Home Page - Andrew Dust Structural Engineers    
Offices located in:
Telephone: 020 7700 5533

Subsidence investigation, remedial design and control

Subsidence - ground and foundation movement with associated damage

Subsidence has in recent years become very much associated with buildings insurance claims. In particular since 1971 when cover for subsidence within household policies was generally introduced.
Buildings insurance policies cover a number of insured events, which together with subsidence should be defined within the terms of the insurance policy. Those associated with subsidence normally include heave, landslip and water damage (typically leakage from below ground drainage or water supply services).

These events may be all encompassed as events or causes of ground and foundation movement with associated damage affecting the building or structure.

In London and the south east of England subsidence has been generally associated with problems caused by clay soil movement and the affect of trees, because of the prevalence of outcropping clay.
However, it should be appreciated this is by no means the only or principal cause, nor the only possible cause in these areas.

Problems of major foundation movement and damage can be due to other causes.
For example these may include subsidence in mining areas, collapse and movement of solution features in chalk, adverse groundwater affects upon loose on granular / sandy soils, settlement or failure of made ground, landslip or retaining wall failure.

For further guidance in respect of household and or low - rise buildings you may refer to The Institution of Structural Engineers guide - Subsidence of low-rise buildings.

We regularly advise upon all aspects of subsidence, including initial appraisal, investigation, recommendations, design and control of remedial measures. Not only where insurance claims have been made, please refer below in this respect for further information.

Initial appraisal - advise and diagnose - initial visual inspection

Where requested to advise and diagnose problems of suspected subsidence, in the first instance we would usually carry out an initial visual inspection to assess the extent and seriousness of the movement and damage, general conditions prevailing, probable causes, further investigation and immediate remedial or temporary works required.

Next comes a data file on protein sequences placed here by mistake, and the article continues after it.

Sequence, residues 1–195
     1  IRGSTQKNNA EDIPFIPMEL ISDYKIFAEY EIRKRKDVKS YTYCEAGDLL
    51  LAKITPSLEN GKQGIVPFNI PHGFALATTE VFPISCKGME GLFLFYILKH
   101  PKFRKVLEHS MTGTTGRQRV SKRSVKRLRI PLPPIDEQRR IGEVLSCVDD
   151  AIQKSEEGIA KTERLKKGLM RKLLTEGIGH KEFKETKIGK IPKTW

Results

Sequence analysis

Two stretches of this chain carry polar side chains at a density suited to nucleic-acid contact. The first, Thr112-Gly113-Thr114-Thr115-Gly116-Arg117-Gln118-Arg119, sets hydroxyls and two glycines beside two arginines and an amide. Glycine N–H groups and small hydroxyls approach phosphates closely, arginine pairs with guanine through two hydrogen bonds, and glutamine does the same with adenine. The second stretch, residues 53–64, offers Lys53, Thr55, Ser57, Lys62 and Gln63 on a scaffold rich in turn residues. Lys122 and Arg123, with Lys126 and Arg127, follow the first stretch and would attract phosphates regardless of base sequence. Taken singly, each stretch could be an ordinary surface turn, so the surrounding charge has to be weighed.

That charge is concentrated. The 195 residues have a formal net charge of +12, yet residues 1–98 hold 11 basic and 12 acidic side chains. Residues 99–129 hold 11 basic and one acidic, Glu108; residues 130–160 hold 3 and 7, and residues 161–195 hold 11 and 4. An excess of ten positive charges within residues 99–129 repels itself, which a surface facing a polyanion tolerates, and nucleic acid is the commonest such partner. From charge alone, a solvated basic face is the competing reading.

Extent of movement and damage

Not all movement and damage is abnormal or of such seriousness that it requires remedial measures to be undertaken.
The majority, if not all buildings and structures are subject to movement and some associate damage, not necessarily caused by ground or foundation movement, for example thermal or shrinkage movement.

The key issues to determine are whether the movement and associated damage is unacceptable and or is likely to continue or deteriorate without remedial measures.

Having assessed the seriousness of the movement and damage and provided any immediate remedial works or temporary works to maintain integrity and safety as far as practicable, proper investigation as necessary should be undertaken to fully assess the problem.

Initial appraisal report

Following initial inspection and appraisal we would normally provide a brief but well detailed initial appraisal report. This would include:

· Brief and reasons for the report
· General description of the building or structure
· The extent of movement and associated damage
· The related structure and implications generally
· Initial advice and opinion upon cause/s of movement and associated damage
· Further investigations including monitoring of any movement necessary
· Remedial measures and or need for temporary support
· Insurance and appropriateness of making a claim
· Summary, way forward and recommended course of action


Subsidence investigation will often involve accurate monitoring of the building or structure movement.
This will typically take the form of precise datum monitoring of principal fractures and where appropriate precision level survey monitoring of datums fixed to the building or structure close to the foundations.
PC controlled level and tilt monitoring of structures can be carried out for more sensitive or critical structures e.g. historic or structurally suspect structures.

Whilst monitoring of fractures should normally identify the extent of continued movement and damage it will not necessarily indicate the extent and nature of the foundation movement, which is important to ascertain as far as possible.

Precision level survey monitoring can provide useful information in this respect. However, in many instances it can be hampered by lack of a stable reference datum and may only provide an indication of relative rather than total movement.

Proper investigation of the ground and foundations conditions should be undertaken.
This should include detailed investigation with trial pits to expose foundations and adjacent ground and boreholes to ascertain the ground and soil parameters and ground water conditions as far as practicable.
The location and condition of below ground drainage and services should be ascertained. There are a number of non-invasive techniques available for this other than excavation works.
The influence of environmental factors including the influence of trees, often important on clay soils, should be determined.
Please refer to section Ground and Foundation investigation for further information.